On SCA Households

I recently heard a comment made by some folks fairly new to the SCA about households. They said they felt like “second rate citizens” because they didn’t belong to a household. I quickly set them straight on households and what it means to be, or not to be, a member thereof.

A household is a group of SCAdians who enjoy playing together and decide to do so under a group name; nothing more. They may be a group of old friends who have camped and played together for years; they might call themselves the House of the Noisy Minah Birds. Perhaps a couple of retired Coast Guard families might band together in a household and call themselves The Old Goats. A Peer might decide to invite his or her apprentices or squires to gather together as a household and use the Peer’s SCAdian name; perhaps House Granite.

Being a member of a household bestows no Society or Kingdom title, rank, or privileges upon its members. Some households have badges that members can wear to identify themselves as a member of that household. Though households can have internal awards for their members, such awards are recognized only within that household and have no place in the Order of Precedence.

Households can be very local or they can span several branch borders. More often than not, a household is only a local name and is virtually unheard of outside the local branch. Some households hardly exist at all except for at events; ie a household may be nothing more than a name under which a group of friends camps at PENNSIC. Other households may be very active as a fund raising group, a fencing company, an archery company, a group of musicians or singers, etc.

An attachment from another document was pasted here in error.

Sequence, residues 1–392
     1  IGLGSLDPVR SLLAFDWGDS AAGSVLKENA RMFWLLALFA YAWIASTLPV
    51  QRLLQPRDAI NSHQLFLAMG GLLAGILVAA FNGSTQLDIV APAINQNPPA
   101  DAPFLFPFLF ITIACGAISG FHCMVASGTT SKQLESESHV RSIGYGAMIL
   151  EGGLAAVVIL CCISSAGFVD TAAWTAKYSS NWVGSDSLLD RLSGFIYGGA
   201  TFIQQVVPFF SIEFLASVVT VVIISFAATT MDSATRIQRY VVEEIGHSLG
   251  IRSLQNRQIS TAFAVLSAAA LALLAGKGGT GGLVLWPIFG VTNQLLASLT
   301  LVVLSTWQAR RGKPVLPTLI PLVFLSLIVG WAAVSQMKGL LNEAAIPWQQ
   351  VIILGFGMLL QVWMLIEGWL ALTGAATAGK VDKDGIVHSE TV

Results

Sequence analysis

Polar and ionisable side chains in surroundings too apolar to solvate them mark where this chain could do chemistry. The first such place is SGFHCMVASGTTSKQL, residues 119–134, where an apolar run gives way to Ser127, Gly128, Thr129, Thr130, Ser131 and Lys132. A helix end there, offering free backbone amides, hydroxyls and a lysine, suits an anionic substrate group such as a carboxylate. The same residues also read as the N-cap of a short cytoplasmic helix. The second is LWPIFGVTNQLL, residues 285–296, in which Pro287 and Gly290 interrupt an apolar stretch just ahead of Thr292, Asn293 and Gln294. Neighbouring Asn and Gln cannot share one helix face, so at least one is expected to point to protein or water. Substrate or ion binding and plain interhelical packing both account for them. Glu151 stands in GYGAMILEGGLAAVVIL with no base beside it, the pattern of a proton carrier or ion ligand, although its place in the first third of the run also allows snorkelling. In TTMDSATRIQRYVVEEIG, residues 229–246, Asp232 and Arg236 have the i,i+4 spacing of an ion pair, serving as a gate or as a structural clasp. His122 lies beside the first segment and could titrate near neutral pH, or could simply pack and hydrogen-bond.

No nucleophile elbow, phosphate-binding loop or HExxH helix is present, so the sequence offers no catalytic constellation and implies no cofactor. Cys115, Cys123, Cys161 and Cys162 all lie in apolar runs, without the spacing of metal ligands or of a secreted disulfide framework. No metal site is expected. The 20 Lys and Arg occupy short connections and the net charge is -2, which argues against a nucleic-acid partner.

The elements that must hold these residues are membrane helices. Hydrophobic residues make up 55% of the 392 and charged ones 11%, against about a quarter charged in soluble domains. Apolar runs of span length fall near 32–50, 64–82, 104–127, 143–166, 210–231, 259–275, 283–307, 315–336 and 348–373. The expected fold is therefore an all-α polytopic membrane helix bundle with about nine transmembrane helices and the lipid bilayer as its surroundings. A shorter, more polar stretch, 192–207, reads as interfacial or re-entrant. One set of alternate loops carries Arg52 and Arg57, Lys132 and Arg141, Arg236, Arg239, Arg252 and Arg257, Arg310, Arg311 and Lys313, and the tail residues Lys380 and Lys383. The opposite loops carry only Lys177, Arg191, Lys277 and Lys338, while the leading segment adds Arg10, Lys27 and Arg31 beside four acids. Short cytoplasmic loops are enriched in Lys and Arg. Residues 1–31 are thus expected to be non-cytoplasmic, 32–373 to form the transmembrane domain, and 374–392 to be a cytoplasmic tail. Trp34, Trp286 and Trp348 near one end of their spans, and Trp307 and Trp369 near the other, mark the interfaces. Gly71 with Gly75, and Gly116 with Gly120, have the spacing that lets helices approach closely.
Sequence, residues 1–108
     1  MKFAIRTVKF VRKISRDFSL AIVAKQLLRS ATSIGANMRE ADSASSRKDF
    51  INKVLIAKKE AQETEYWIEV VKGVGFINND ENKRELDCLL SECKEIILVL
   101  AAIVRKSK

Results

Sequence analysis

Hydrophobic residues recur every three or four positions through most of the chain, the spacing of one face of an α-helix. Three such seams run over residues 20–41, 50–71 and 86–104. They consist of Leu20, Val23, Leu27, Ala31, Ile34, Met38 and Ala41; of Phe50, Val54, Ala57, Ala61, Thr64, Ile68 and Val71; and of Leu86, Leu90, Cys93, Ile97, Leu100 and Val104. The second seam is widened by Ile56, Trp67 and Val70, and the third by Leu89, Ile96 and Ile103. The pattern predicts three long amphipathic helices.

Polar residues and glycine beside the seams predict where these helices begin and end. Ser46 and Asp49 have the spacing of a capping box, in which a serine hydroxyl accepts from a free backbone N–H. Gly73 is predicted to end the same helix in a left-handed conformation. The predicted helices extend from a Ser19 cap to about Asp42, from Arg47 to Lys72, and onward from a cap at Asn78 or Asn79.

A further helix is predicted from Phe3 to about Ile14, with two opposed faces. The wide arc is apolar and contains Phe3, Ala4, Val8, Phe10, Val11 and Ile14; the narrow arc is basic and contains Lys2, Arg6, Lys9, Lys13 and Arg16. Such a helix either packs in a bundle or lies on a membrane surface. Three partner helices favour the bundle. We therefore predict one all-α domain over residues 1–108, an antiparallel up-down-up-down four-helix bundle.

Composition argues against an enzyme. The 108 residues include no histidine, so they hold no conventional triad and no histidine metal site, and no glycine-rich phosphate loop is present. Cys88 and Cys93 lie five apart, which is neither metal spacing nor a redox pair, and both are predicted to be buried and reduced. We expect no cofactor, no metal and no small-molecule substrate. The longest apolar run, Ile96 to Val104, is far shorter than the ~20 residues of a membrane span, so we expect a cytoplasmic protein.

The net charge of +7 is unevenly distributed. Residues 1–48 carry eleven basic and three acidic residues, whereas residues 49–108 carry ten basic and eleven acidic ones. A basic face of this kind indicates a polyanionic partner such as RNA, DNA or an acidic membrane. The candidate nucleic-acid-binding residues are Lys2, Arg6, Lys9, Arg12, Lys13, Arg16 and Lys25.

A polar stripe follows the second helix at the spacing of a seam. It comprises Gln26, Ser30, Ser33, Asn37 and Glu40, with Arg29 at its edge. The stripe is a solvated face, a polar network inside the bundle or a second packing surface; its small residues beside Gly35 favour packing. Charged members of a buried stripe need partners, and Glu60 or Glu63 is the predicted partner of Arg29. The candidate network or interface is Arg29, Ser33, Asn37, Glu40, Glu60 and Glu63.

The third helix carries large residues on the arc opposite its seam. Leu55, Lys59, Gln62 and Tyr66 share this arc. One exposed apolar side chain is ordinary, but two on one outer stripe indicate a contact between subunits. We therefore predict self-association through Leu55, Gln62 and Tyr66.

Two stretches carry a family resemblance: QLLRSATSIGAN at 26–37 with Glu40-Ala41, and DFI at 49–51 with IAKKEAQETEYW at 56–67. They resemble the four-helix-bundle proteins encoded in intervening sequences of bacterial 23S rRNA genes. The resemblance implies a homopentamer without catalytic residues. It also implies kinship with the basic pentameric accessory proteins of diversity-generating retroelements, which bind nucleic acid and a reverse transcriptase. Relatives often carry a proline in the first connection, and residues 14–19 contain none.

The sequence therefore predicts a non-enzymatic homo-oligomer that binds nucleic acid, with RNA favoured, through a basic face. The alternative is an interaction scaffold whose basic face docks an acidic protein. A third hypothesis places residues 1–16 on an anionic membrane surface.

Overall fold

There are no Society or Kingdom rules about how to join a household, or about how many households to which one may belong. Certainly, there may be strict rules and structure established with any given household, while the next household may be so lax that folks outside the household doesn’t even know it exists at all.

Being part of a household may be a very significant part of some folks’ SCA experience. If it’s an active and vibrant household, being a member might bestow a sense of pride in its members. Then again, it might be nothing more than a group friends who like to camp together, or wear the same period garb, etc. Being part of a household certainly doesn’t make one “somebody.” If you’re not part of a household, it doesn’t mean that you won’t have a meaningful and rich SCA experience. It doesn’t mean that you’re “a nobody.” Remember, you ARE a SCAdian and that makes you part of a very special group already.

Finally, it is my humble opinion that if members of a household talk down to you because you’re NOT a member of that household, it’s probably not a household of which you’d want to be part anyway.

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